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Terre Haute North baseball Tuesday beat Linton 13-3 in five innings. Patriots sophomore T.J. Collett homered twice and drove in four runs in the win.
Shakamak seniors Aleksey Green and Eric Johnson signed Wednesday to run in college.
Green will continue her career at Indiana State, competing in cross country and track. Johnson is heading to Vincennes University to run cross country and track.
CARMEL, Ind. (WISH) – Colts owner Jim Irsay’s arrest Sunday night on four felony counts of possession of a controlled substance follows a documented history of prescription drug abuse stretching back nearly two decades.
Problems may have begun surfacing decades earlier, however, when Irsay was in college at Southern Methodist University in Texas.
Court records obtained by our sister station WISH-TV show Irsay was arrested in Dallas County, Texas on a misdemeanor driving while intoxicated charge on January 16, 1979. According to court records, he was later found “not guilty” of the offense by a judge.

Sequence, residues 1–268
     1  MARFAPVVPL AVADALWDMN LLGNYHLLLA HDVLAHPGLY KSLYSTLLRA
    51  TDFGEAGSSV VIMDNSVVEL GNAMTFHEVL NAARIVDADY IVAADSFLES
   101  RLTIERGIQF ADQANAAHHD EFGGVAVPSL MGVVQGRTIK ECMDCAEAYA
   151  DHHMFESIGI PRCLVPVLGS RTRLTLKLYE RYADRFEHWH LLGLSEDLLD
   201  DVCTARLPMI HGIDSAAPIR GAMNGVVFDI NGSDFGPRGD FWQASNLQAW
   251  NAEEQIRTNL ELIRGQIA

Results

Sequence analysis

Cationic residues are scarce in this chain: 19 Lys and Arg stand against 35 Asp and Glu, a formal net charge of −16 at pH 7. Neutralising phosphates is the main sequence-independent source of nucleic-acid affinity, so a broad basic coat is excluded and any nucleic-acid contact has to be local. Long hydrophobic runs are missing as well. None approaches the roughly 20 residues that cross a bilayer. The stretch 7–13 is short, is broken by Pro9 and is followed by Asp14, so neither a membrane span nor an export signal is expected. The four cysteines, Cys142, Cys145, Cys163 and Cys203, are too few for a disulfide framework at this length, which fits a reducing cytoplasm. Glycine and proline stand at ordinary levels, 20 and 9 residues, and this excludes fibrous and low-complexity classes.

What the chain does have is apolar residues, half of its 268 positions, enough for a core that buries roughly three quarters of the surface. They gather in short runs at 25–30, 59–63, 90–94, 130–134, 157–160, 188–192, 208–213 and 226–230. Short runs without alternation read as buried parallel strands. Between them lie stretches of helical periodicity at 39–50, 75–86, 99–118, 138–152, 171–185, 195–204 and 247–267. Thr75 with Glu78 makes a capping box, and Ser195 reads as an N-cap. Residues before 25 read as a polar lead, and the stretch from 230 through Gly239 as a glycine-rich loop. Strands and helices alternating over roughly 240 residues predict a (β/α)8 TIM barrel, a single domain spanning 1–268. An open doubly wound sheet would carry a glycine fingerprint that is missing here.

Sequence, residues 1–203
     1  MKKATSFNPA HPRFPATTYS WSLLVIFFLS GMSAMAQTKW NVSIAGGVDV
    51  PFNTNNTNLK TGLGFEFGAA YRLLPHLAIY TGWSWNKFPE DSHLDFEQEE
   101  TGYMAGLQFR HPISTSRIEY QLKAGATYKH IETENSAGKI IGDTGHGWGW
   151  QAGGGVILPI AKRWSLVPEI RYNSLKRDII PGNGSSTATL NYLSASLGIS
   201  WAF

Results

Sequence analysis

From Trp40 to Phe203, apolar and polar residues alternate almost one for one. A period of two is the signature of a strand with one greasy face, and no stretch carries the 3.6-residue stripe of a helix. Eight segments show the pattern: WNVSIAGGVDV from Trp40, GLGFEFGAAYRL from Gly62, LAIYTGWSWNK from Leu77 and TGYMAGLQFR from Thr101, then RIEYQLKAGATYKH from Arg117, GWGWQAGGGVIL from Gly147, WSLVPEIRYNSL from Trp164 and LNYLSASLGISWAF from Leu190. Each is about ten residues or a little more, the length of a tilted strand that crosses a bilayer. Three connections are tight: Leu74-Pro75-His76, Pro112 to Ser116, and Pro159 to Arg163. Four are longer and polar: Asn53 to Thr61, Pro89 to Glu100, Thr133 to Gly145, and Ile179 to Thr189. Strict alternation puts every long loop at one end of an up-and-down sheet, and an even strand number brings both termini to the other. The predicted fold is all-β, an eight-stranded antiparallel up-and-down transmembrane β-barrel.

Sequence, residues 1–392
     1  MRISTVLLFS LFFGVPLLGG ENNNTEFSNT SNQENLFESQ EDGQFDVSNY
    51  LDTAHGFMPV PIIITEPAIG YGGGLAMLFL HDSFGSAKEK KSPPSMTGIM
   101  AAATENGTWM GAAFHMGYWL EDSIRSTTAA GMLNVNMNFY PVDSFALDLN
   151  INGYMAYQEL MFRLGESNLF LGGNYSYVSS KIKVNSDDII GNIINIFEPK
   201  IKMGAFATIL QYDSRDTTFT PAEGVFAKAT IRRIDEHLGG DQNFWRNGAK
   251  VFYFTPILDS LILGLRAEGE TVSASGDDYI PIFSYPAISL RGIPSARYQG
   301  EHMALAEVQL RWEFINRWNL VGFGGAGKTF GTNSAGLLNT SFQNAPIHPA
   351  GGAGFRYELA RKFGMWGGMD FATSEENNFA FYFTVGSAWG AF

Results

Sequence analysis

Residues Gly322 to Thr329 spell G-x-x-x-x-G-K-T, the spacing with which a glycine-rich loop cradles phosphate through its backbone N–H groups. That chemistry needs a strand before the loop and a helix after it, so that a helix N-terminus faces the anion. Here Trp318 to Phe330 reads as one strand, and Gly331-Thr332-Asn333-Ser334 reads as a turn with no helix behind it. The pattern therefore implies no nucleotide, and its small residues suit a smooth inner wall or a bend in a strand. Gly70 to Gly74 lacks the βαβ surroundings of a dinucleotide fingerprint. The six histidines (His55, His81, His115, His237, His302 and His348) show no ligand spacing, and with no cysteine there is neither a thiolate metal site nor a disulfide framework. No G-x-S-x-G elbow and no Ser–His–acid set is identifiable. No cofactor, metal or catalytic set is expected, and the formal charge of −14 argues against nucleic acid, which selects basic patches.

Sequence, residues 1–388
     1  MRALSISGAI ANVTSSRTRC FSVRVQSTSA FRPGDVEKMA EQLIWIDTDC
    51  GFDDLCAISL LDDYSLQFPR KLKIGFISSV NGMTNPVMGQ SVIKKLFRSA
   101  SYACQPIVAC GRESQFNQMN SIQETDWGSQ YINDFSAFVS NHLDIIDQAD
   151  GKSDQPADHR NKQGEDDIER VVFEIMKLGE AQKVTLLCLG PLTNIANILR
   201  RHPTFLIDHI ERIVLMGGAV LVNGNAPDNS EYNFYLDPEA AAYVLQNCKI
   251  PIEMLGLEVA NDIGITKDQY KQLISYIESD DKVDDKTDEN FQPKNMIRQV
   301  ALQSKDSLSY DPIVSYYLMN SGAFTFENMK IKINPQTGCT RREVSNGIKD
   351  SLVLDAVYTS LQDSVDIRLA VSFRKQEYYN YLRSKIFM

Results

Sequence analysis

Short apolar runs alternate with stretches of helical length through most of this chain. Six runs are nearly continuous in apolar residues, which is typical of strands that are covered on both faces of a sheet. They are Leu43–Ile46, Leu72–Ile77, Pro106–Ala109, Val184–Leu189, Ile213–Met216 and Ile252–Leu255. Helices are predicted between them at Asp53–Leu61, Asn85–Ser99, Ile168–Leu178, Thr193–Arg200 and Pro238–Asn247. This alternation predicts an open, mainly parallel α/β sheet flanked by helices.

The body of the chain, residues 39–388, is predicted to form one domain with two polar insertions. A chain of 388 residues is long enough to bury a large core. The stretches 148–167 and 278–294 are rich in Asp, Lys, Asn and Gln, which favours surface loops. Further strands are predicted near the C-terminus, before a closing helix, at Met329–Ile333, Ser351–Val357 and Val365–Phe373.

But, his battle with substance abuse wasn’t over.
In 2002, Irsay admitted that he had become addicted to painkillers. Several reports show Irsay was first prescribed Vicodin in the 1990s following several different surgeries on a chronic back injury sustained during his football playing days at SMU.
According to reports filed by the Associated Press at the time, Irsay sought substance abuse treatment at least three times, beginning in 1998. AP stories at the time also cited multiple sources who alleged that Irsay overdosed on prescription drugs in both 2000 and 2001.
Then, in 2002, reports surfaced that Irsay was the target of a federal Drug Enforcement Administration probe into prescription drug fraud, along with two Indianapolis-area doctors who were under investigation for prescribing excessive amounts of painkillers.